Cryptocurrency has been on a wild ride over the last month or so following the IPO of crypto exchange platform Coinbase in April. Over this time, the general population has continued to become increasingly aware of cryptocurrencies, if even only by small margins. 

Specific cryptocurrencies, however, have seen even greater levels of awareness. Bitcoin, while still the most well-known cryptocurrency, may soon find greater competition in Ethereum and Dogecoin, among others.

Accordingly, with the increased awareness of individual cryptos since April, investment, and intent to invest, has continued to inch up.

But that doesn’t mean people aren’t concerned about cryptocurrency’s ability to drastically change in value (both increase and decrease) due to public figures’ statements. While this happens to traditional stocks as well, that doesn’t mean potential investors aren’t still spooked by it. 

Forty-one percent of the general population has at least some concern over the value of cryptos being inflated or deflated due to these kinds of comments. 

Interestingly, this concern differs based on which cryptos respondents have heard of. For example, 42% of people who have heard of Bitcoin, the most well-known currency,  are concerned about high-profile statements affecting its value.

Dogecoin demonstrates a similar percentage of concern at 44%. Ethereum and Litecoin, however, both demonstrate 55% of the same levels of concern.

It seems that the more aware a person is about various cryptocurrencies, beyond just the most popular one or two, the more concerned they are about the effect public discussion could have on its value.

And it’s not just individuals unintentionally manipulating the value of crypto — businesses can do the same. Tesla, for example, bought $1.5 billion worth of Bitcoin in February, simultaneously becoming one of the first major corporations to accept it as a form of payment and spiking its value. Congruently, Tesla backtracked on the currency earlier in May, causing its value to drop in response. 

To Tesla’s credit, it cited the enormous environmental cost of mining Bitcoin as the primary driver behind exiting the crypto fast lane. 

At scale, worldwide Bitcoin mining accounts for more energy use than some entire countries. And the majority of the general population is concerned about the environmental impact of crypto.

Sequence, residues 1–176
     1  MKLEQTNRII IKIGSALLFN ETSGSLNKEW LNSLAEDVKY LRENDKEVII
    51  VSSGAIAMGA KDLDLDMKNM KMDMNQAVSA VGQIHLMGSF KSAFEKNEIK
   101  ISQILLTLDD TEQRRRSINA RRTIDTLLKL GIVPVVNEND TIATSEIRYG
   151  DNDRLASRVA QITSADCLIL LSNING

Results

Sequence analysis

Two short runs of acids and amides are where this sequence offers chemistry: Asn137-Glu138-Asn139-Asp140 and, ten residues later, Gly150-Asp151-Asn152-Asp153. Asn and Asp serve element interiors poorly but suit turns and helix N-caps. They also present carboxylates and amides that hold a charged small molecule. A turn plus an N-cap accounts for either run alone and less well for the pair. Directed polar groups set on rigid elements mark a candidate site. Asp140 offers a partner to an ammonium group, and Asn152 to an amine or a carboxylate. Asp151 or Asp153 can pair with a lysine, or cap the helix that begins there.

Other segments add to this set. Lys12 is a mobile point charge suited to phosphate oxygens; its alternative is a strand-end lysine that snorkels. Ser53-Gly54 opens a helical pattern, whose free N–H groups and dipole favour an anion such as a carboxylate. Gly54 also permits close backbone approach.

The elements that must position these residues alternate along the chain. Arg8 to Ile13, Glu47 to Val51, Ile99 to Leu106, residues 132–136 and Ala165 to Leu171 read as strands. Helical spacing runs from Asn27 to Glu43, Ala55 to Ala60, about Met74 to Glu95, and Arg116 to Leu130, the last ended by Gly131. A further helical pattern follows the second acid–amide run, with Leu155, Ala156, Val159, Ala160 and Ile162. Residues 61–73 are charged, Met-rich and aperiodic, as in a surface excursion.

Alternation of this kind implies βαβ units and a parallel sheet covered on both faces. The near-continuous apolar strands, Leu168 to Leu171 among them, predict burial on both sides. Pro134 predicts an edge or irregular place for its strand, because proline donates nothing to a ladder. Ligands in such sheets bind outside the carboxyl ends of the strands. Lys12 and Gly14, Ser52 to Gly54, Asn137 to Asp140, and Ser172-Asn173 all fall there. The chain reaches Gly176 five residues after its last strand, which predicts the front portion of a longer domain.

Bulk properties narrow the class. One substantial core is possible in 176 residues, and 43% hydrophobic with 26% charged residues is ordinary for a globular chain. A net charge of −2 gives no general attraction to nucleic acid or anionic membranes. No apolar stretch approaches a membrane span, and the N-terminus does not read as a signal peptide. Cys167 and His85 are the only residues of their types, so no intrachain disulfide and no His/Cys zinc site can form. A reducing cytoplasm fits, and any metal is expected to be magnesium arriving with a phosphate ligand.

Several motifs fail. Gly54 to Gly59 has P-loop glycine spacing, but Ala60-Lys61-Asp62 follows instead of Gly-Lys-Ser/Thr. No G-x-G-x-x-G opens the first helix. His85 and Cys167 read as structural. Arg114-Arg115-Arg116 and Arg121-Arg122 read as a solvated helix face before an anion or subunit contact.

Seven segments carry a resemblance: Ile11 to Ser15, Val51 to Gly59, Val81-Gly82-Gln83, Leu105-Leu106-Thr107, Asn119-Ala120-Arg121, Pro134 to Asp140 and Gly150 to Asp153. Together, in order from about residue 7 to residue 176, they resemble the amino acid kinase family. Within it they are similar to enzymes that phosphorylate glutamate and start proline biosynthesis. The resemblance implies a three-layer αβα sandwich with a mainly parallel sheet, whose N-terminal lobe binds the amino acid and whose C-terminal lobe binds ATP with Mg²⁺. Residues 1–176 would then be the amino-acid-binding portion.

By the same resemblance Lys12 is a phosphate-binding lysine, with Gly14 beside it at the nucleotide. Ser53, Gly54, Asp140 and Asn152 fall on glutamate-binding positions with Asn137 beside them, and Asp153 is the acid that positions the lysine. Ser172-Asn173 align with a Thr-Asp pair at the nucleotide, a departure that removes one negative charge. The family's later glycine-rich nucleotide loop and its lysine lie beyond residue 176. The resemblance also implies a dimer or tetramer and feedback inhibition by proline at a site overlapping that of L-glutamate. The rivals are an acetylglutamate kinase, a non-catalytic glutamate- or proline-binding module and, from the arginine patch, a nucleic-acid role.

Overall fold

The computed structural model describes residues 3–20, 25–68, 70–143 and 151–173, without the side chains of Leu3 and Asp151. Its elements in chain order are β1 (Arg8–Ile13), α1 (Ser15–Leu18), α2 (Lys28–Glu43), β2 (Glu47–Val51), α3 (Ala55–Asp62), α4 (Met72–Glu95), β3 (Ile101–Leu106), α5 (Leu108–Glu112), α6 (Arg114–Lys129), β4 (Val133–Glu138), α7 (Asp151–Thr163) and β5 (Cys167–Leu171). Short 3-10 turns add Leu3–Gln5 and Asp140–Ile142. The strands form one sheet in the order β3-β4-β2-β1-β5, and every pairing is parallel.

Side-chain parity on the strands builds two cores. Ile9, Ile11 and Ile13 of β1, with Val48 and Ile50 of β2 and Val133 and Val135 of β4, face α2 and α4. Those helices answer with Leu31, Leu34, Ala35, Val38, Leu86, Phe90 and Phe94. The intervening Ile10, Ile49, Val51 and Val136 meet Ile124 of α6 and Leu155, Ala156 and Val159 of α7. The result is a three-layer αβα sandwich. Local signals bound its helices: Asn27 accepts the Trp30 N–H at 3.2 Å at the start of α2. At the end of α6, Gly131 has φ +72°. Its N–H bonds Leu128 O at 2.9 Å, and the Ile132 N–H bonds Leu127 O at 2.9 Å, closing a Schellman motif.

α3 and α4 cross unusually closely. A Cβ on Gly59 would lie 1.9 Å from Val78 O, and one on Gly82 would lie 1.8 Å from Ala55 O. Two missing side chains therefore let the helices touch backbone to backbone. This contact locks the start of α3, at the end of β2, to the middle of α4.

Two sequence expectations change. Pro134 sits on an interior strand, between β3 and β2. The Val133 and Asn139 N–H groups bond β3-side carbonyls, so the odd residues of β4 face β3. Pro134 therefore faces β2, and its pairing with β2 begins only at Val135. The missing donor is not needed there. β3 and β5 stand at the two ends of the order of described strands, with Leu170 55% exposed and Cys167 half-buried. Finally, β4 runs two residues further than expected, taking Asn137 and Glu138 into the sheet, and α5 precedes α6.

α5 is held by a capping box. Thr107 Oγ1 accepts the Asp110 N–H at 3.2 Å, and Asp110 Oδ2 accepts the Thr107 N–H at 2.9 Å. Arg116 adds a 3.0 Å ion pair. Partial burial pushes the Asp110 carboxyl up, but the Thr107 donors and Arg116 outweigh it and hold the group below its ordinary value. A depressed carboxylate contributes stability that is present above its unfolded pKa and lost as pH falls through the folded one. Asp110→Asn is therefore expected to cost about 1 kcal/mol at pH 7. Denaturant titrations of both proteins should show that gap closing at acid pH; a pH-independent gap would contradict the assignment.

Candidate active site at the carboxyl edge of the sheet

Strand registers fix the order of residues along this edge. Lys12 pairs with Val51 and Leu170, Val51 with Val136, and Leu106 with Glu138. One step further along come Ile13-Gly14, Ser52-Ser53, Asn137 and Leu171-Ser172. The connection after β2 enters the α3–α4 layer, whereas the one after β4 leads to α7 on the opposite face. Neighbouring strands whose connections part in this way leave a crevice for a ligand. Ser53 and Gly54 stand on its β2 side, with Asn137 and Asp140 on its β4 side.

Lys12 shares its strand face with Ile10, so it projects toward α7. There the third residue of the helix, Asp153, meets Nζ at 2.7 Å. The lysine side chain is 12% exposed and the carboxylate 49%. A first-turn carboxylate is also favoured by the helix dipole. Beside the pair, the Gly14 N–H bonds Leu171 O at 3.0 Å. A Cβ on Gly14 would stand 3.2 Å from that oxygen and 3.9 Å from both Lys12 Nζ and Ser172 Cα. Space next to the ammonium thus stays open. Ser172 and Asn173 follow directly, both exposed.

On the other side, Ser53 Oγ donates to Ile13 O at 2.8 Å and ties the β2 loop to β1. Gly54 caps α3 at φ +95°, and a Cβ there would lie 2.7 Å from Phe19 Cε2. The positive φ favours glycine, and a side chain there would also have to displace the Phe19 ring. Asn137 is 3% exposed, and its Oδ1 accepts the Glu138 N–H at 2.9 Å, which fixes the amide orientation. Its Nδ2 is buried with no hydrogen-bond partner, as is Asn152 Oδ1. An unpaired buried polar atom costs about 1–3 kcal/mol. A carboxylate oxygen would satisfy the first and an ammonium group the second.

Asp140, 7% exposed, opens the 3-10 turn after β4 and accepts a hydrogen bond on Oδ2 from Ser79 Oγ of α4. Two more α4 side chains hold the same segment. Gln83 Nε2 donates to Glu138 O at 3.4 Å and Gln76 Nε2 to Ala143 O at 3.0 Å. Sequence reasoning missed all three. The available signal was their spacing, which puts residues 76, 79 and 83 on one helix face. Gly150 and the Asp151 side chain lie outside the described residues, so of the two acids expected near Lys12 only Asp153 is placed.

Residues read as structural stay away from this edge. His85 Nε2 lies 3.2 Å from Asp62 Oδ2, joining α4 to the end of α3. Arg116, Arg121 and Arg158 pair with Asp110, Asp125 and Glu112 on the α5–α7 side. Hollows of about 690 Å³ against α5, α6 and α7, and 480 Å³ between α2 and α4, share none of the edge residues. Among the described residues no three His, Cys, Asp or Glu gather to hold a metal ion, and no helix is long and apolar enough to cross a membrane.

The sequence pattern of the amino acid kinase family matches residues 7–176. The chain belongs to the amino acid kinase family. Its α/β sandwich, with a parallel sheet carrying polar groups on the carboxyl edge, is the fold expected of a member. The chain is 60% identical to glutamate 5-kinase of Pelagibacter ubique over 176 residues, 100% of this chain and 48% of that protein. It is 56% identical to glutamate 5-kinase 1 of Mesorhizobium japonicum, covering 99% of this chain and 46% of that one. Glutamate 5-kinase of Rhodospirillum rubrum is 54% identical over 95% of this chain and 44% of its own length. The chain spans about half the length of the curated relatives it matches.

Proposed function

And this concern about crypto’s impact on the environment is shared by people who are concerned about the environment in general. 

Regardless, forty-two percent of the general population isn’t concerned about cryptos’ effect on the environment. So the question remains: why aren’t people investing in cryptocurrencies?

Over the last two weeks, the leading response (32%) is that people just don’t think the tech is legitimate, followed closely by an overall lack of understanding of it (25%).

Interestingly, however, while the leading reasons for not investing in cryptocurrency haven’t changed since last month, they experienced some clear movement across April and May.

Those thinking cryptocurrency is illegitimate peaked in early May at 34%, while those not understanding it dropped, only to eventually return to April levels. This data suggests a number of people who previously weren’t aware of cryptocurrency suddenly became so, bringing with them their lack of understanding or biases against it, until eventually evening back out. 

Another important point to note is that the numbers of people who don’t understand cryptocurrency have begun to eclipse those who think it is illegitimate for the first time. This is most likely a result of the high-profile news coverage of the rollercoaster ride many cryptocurrencies have had over the past month. Dogecoin, for example, rapidly rose in April, only to nearly collapse in May. Many more people are becoming aware of the technology and its legitimacy, though that doesn’t mean they understand it any better. 

Cryptocurrency trends, however, are clearly beginning to demonstrate more mainstream attention and awareness. Though still small in numbers, it wouldn’t be unreasonable to see a new class of investor begin to emerge as the tech continues to earn legitimacy and stability. CivicScience will continue to keep its thumb on this pulse over the coming months.